You have requested an opinion concerning whether the sale of items during demonstrations that occur in designated public forum areas on the grounds and in the vicinity of the State Capitol can be prohibited.
The Buildings and Grounds Policies ("Policies") adopted by the Georgia Building Authority ("GBA"; "Authority") designate the sidewalks and patios of the Capitol and the patios at either side of the front, plaza entrance of the Floyd Building as a "public forum" for speech and expression of opinion. The Policies do not specifically address the sale of goods. However, O.C.G.A. § 50-9-9(b) makes it unlawful, without [*2] prior express written consent, for "any person, firm, group, organization or other entity to beg, panhandle, solicit, or to sell goods, wares, or any other objects or services within any buildings or on the grounds, sidewalks, or other ways owned by or under the control of the state, its agencies, authorities, commission, boards, bureaus and other state entities." (Emphasis supplied). n1
n1 Subsection (e) of the Code section makes subsection (b) applicable only to buildings, facilities and improvements adjacent to the State Capitol, and exempts persons doing business with the Department of Administrative Services.
In a designated public forum, as in a traditional public forum, the government may impose time, place and manner restrictions on speech which are content-neutral, narrowly tailored to serve a significant government interest, and leave open ample alternative channels of communication. Perry Education Assn. v. Perry Local Educators' Assn., 460 U.S. 37 (1983). The nature of a place and the pattern of its normal activities dictate the kinds of regulations of time, place and manner that are reasonable. Grayned v. City of Rockford, 408 U.S. 104, 116 (1971). [*3] n2
n2 The GBA Policies have been reviewed and upheld by a court, in a different context. See Chabad-Lubavitch of Ga. v. Harris, 752 F.Supp. 1063, 1068 (N.D. Ga. 1990).
While a distinction has been made between speech that does "no more than propose a commercial transaction" and other varieties, see Virginia Pharmacy Bd. v. Va. Consumer Council, 425 U.S. 748, 771-72 n.24 (1976), citing Pittsburgh Press Co. v. Human Relations Comm'n, 413 U.S. 376, 385 (1973), if the commercial activity is "merely incidental and collateral to" the main object of dissemination of speech, it is also protected by the Constitution. See Murdock v. Pennsylvania, 319 U.S. 105, 112 (1943). Thus, written materials can be sold and contributions or gifts solicited in conjunction with free speech activity. See Heffron v. Int'l Soc. for Krishna Consciousness, 452 U.S. 640, 647 (1980).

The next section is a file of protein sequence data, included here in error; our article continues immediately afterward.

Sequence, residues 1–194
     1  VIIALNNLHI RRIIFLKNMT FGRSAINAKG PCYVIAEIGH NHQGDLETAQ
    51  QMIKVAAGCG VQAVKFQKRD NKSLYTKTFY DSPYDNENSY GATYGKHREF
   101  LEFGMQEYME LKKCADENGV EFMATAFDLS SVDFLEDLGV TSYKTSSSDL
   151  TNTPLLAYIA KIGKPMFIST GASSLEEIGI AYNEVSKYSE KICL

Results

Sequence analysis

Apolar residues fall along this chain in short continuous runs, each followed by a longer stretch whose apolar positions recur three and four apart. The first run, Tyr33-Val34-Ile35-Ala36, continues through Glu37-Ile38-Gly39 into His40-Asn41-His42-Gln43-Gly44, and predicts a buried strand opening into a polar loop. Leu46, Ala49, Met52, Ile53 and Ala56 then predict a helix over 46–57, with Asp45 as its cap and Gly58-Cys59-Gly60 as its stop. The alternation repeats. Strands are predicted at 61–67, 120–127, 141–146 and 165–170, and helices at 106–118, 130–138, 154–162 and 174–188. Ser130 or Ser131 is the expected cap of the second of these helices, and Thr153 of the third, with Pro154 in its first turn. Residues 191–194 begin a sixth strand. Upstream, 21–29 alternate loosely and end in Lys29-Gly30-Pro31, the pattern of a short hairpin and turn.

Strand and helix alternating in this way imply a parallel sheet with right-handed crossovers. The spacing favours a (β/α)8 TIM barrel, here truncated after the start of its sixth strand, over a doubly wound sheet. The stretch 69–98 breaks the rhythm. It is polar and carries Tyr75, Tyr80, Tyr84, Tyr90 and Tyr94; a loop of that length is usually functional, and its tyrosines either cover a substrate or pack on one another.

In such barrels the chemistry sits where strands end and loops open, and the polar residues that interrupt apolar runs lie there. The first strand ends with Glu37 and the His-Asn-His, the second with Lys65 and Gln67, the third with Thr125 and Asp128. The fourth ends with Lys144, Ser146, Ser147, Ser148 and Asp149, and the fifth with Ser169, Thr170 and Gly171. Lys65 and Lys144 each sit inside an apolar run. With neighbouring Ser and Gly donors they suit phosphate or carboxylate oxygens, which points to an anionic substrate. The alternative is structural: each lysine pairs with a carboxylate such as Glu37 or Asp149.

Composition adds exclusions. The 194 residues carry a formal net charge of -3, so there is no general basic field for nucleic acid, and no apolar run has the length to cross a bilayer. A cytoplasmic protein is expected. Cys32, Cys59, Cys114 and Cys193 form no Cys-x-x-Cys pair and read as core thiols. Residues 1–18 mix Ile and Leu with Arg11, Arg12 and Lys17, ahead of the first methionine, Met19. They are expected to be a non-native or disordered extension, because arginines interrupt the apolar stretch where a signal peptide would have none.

By designating areas for "speech and expression of opinion" through its Policies, the Authority has expressly consented to and authorized other activity incidental and collateral to such speech in those areas. The public policy against unreasonable interruptions and disruptions of state employees [*4] in the performance of their public duties, as outlined in O.C.G.A. § 50-9-9(a), may represent a legitimate governmental interest furthered by restrictions on solicitations and sales in the Capitol and its environs. See generally, Jeannette Rankin Brigade v. Chief of Capitol Police, 342 F.Supp. 575, 585 (D.D.C. 1972); State v. Boone, 243 Ga. 416, 420 (1979).
However, in light of the Policies promulgated by the Authority for public forum areas, as well as constitutional tenets discussed, the proper application of O.C.G.A. § 50-9-9(b) in the designated areas is to proscribe activities that "do no more than propose a commercial transaction" and are not "merely incidental and collateral to" free speech. n3
n3 The Authority can also consent to "purely" commercial activity, pursuant O.C.G.A. § 50-9-9(b); the standards by which such consent would be granted or denied should be plainly articulated. See Sentinel Communications Co. v. Watts, 936 F.2d 1189, 1207 (11th Cir. 1991), reh'g den., 947 F.2d 1492 (1991).
Therefore, based on the foregoing, it is my official opinion that the sale of goods, wares or other objects, when incidental and collateral to free speech [*5] activity otherwise permitted in a designated public forum, may not be prohibited under the Buildings and Grounds Policies of the Georgia Building Authority or O.C.G.A. § 50-9-9(b). However, such activity is subject to existing time, place and manner regulations contained in the Policies, as well as other statutory provisions. See, e.g., O.C.G.A. §§ 16-11-34.1(c) (unlawful to obstruct streets and sidewalks on Capitol Square); 50-16-5 (defacing or injuring Capitol building or grounds); 50-16-14 (disruption or interference with normal activities on state property or buildings housing state agencies).
RAY O. LERER,
Senior Assistant Attorney General